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Selling Power Magazine Article
Four Crucial Sales-Management Challenges
- developing and executing a compelling sales strategy,
- creating a great sales culture,
- increasing the engagement of top sales performers,
- managing the sales participation rate.
Challenge #1: Developing and executing a compelling sales strategy
Sales management is sometimes relegated to being a purely tactical function that focuses on making certain that sales teams get the resources they need to develop and close deals.
Strategic thinking, however, is equally important to effective sales management, according to Kevin Higgins, president of Fusion Learning, a leading sales-training firm. “Sales managers should take the time and make the effort to determine how and where salespeople spend their valuable time and energy,” he says.
A compelling sales strategy consists of two major components: a sales process and a set of metrics that reinforce that process. The process should be “consistent and understandable so that everyone knows what is expected of him or her on a day-to-day basis,” says Edward Collins, vice president of direct sales at Neopost, one of the world’s largest manufacturers of postage-meter and mailroom equipment.
The metrics that reinforce that process must establish common sales goals and stretch sales goals that are both achievable and measurable, according to Brian Ford, vice president of sales, global payments and cash management, at HSBC, a multi-national banking and financial-services company. “Your sales operating model must document roles and responsibilities so that there is never a question in anyone’s mind about how they’re being measured and assessed, and so that sales professionals and managers alike can be held accountable,” he says.
Challenge #2: Creating a great sales culture
The most successful companies have corporate cultures that value and respect the sales function. Since such cultures do not evolve automatically, sales management must take steps to encourage them, according to Ford. “Everyone with a client-facing role should embrace the same external view of the customer that top management embraces,” he says.
Cross assignment of sales and marketing personnel can also help a company become more sales focused, according to Ford. “We sometimes assign a sales manager to become a coach inside another part of the company and act as the customer’s advocate,” he explains, adding that this spreads a greater awareness of customer concerns, both inside the organization to which the individual is assigned and afterward to the original group when the assignment is over.
Nick Lisi, vice president of Americas operations at SAS, a leading provider of integrated software solutions, points out that creating a sales-oriented culture can prove difficult inside firms that have a different history and focus. At SAS, for example, where the primary culture centers around research and development, sales leaders have been able to generate a culture of sales awareness by “adding discipline in the area of opportunity management, tracking opportunities in a CRM system, and reinforcing sales goals through weekly reviews.”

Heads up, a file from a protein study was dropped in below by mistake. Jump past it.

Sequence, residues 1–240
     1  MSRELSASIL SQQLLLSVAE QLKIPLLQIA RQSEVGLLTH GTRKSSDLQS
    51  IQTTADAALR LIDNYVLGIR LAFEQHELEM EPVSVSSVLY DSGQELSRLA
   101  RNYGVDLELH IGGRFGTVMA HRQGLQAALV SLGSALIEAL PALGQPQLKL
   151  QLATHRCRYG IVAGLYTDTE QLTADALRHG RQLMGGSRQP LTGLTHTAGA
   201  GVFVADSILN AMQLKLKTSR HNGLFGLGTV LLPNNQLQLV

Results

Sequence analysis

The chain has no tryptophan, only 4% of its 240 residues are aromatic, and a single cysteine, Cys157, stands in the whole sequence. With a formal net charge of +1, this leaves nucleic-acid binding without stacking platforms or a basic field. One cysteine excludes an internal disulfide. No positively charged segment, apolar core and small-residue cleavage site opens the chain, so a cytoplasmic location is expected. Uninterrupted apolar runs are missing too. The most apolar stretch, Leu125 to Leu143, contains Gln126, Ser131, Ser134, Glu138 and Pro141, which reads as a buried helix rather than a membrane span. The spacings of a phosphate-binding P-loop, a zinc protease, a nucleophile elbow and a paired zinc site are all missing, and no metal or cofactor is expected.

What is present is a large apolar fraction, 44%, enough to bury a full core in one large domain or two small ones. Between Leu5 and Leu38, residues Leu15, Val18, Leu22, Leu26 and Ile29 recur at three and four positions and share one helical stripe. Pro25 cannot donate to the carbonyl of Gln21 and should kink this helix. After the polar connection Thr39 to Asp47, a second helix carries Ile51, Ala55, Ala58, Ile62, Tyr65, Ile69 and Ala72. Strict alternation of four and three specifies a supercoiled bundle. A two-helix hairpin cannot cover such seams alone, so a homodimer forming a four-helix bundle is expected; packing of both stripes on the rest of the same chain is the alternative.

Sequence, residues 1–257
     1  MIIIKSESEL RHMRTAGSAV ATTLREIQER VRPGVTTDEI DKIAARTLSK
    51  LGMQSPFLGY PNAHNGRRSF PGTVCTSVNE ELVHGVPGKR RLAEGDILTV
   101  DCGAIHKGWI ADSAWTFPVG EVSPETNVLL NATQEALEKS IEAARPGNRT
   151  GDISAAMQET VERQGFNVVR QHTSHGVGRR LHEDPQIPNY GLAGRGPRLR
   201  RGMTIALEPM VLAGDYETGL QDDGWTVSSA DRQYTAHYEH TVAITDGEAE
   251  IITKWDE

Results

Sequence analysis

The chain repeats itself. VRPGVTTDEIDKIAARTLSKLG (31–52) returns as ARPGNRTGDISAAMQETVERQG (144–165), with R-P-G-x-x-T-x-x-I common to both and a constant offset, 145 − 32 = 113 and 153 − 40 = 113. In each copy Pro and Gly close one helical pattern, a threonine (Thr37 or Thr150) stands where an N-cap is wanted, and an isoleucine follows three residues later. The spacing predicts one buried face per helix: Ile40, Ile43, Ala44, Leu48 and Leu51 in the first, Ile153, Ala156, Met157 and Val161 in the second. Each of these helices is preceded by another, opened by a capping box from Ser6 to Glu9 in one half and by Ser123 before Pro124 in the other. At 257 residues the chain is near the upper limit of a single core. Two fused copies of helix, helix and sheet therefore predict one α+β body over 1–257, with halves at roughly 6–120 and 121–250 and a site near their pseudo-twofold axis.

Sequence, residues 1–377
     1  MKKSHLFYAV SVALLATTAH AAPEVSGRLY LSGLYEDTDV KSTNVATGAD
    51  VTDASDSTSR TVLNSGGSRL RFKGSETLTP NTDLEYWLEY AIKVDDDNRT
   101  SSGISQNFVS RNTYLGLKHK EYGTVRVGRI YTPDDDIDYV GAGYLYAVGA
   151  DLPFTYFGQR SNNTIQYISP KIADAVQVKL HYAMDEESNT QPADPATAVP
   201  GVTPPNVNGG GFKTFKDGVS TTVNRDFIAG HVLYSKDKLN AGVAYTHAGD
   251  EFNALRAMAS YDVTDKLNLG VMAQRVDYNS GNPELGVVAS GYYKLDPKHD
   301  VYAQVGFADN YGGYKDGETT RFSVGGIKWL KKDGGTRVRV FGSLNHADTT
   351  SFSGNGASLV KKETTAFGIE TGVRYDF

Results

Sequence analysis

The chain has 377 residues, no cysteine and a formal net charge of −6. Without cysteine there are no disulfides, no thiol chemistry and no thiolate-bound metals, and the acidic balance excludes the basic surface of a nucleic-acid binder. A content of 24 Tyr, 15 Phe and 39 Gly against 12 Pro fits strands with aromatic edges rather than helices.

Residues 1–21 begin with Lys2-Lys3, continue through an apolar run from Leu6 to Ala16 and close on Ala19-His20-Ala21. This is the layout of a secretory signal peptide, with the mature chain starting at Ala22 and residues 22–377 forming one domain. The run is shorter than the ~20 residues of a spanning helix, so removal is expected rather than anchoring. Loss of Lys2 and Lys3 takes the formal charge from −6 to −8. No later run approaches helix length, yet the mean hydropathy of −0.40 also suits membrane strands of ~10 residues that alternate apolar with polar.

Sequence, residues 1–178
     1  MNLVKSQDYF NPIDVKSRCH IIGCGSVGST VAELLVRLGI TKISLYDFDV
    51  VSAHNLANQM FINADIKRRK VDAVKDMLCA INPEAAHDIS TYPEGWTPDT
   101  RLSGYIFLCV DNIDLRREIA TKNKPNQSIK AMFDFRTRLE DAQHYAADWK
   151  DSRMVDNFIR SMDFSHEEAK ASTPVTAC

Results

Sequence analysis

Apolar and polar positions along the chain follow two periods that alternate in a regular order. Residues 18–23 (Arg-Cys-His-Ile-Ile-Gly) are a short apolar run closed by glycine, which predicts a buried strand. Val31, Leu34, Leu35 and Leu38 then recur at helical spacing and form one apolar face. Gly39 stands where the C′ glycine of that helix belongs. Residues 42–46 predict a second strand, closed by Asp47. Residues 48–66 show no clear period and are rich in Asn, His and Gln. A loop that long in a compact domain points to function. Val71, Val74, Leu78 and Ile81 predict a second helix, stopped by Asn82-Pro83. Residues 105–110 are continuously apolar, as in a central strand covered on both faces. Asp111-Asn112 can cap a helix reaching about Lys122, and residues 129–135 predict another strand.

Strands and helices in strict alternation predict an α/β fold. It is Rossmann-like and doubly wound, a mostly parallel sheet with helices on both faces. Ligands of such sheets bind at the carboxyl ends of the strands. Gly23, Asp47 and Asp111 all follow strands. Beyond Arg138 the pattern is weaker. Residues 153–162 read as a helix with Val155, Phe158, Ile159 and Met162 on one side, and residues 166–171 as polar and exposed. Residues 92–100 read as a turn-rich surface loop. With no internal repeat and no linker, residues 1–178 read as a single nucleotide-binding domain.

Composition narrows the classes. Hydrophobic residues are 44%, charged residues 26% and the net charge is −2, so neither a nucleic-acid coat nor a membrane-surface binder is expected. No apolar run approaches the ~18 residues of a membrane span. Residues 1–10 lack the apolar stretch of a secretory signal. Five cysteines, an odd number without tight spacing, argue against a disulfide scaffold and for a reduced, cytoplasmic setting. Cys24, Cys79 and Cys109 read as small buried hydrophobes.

Another way to create a sales-oriented culture is to share the excitement of sales success, says Higgins. “[At one company], when a sales director makes a sale, he or she bangs a gong, and there’s a carnival wheel with prizes. The sales director determines who spins the wheel based on who helped support the sale.”
Challenge #3: Increasing the engagement of top sales performers
If top sales performers focus solely on closing deals, the overall effectiveness of the company suffers. For example, few sales functions are more important than forecasting, an activity that thrives on close communication between sales managers and other sales leaders.
Lisi suggests that sales managers “review their pipeline forecast every two weeks in order to keep a good ‘line of sight’ and ensure that individual sales professionals understand what needs to happen in order to make those numbers.” Such reviews, when pursued regularly, can generate forecast accuracy “as high as 75 percent,” Lisi asserts.
Another effective way to keep top sales performers more engaged is to increase the amount of one-on-one coaching, according to Ford. “The sales manager should have regular, one-on-one conversations to make sure that individuals are engaged and will be able to achieve their stated goals.”
Challenge #4: Managing the sales participation rate
The sales participation rate is the percentage of a firm’s sales reps who are at or above plan. “This often-neglected metric is the key to increasing your overall sales performance, because the more personnel who are above plan, the better the overall performance of the group and the more time sales managers can spend helping or eliminating nonperformers,” says Higgins.
One good way to increase the sales participation rate is to put more time and energy into lead generation, according to Collins. Neopost, for example, has “invested time, money, and effort in hiring an inside sales force that (continued on page 2)
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